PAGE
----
He toured with The Kinks when he was two weeks old. He spent his teenage years with John Carpenter’s family. He’s played with Lemmy and he has a huge collection of synthesisers. Welcome to the world of Daniel Davies

“It’s more about the three of us hanging out and getting to play together,” says guitarist and synthesist Daniel Davies. “It’s fun and that’s the best part about the whole situation.”

He’s talking about working with John Carpenter and his son Cody on three of Carpenter’s studio albums, the instrumental ‘Lost Themes’ and ‘Lost Themes II’, plus ‘Anthology: Movie Themes 1974-1998’, for which Carpenter re-recorded his most well known film themes. But Daniel Davies’ link with the iconic horror director stretches way beyond the world of music. He happens to be John Carpenter’s godson and spent a lot of time with Carpenter and his family when he was growing up. So how on earth did that come about?

“Well, I was born in London and my dad is Dave Davies from The Kinks,” explains Daniel. “I think how it happened was my dad wrote a letter to John saying, ‘I love your movies and it would be great to hang out sometime’. Something like that. They eventually met, maybe when my dad was on tour, and became good friends. We wound up moving to LA, where John and his wife Sandy lived, and my mum and dad asked them to be my godparents.”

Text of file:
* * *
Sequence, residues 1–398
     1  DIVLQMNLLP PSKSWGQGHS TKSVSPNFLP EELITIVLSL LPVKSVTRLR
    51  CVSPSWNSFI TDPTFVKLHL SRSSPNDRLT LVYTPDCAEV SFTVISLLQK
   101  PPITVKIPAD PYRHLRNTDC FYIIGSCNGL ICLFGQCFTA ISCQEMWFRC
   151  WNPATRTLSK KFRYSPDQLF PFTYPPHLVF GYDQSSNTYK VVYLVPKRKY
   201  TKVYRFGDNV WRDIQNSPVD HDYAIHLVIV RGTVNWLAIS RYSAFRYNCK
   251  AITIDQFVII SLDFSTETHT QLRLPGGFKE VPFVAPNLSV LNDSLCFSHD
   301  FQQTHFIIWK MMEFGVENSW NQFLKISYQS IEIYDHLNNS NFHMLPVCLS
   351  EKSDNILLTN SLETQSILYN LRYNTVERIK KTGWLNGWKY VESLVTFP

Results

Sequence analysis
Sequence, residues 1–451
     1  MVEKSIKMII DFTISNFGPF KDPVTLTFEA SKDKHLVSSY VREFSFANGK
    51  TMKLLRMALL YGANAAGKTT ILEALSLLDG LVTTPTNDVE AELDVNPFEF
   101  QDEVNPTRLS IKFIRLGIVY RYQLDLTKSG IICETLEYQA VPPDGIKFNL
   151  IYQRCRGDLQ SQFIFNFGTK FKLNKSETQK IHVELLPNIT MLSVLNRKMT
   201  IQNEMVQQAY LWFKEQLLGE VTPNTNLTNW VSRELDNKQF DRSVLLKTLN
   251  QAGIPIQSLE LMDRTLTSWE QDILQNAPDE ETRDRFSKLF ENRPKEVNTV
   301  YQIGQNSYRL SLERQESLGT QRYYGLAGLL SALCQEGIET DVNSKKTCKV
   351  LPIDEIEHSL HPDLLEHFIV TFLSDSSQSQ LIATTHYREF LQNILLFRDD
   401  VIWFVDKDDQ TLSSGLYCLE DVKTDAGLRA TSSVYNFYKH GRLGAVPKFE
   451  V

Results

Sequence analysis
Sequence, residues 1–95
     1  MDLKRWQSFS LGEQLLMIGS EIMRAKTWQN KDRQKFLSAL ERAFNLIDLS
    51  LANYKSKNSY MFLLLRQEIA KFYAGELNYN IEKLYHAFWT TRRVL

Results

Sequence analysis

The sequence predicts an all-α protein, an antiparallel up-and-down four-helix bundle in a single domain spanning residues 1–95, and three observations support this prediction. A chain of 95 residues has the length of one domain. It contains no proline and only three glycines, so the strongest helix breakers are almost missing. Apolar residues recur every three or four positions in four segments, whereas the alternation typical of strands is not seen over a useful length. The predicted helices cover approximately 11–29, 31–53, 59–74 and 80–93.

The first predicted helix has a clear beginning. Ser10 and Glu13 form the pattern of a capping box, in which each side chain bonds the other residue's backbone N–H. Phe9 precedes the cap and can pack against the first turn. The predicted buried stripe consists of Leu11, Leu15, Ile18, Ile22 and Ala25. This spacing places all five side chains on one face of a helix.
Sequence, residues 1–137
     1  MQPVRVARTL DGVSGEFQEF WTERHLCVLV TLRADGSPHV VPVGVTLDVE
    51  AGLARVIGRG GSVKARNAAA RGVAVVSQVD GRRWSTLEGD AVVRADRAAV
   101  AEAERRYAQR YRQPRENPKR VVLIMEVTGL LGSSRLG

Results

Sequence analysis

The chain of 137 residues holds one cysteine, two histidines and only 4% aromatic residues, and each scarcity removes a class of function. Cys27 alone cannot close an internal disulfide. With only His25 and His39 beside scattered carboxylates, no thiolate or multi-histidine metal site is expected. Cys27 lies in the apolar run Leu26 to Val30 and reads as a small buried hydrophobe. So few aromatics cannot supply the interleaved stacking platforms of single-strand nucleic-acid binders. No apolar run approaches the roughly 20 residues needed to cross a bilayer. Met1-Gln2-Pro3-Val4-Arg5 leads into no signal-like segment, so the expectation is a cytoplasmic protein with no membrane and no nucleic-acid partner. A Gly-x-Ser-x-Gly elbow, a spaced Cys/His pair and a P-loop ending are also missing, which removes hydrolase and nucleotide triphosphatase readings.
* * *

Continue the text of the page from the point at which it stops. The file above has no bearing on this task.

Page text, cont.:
Daniel adds that, during some “family troubles” when he was a teenager, he went to live with Carpenter and his wife. He says that involved, among other things, “watching movies every weekend”. And what about the stereo in the Carpenter household? What sort of stuff were they listening to?

“John loves The Beatles. We’d spend a lot of time driving around listening to The Beatles. We’d also listen to ZZ Top, Metallica, ABBA… all kinds of stuff.”

Unsurprisingly, music has always played a large part in Daniel’s life (“I was on tour with my dad from about two weeks after I was born until I was probably five or six”) and he notes that a range of instruments were always readily available to him, from both father and godfather.

Wrap parties with jam sessions that, as children, he and others could just “jump in and play” further fostered his musical interests, and seeing both Davies Senior and Carpenter play guitar jolted him into picking up the instrument himself. He had a knack for it too, going on to tour with numerous bands, including Mötorhead. Did he have any significant encounters with Lemmy?

“He was a nice guy. Very aware. I remember being worried at first, because if he didn’t like your band then you’d be thrown off the tour. So he checked everybody out to make sure they were playing up to his specification. It was the loudest music I ever heard in my life, insanely loud, almost painful. It was really great. He was fun.”

Now here’s the thing. For Daniel Davies’ debut album, ‘Events Score’, he’s swapped out his guitar for an army of vintage synthesisers (and some soft synths to help along the way). His arsenal includes an Oberheim Matrix 6, a Roland Juno-106, a Roland System 1, and even John Carpenter’s Minimoog Voyager.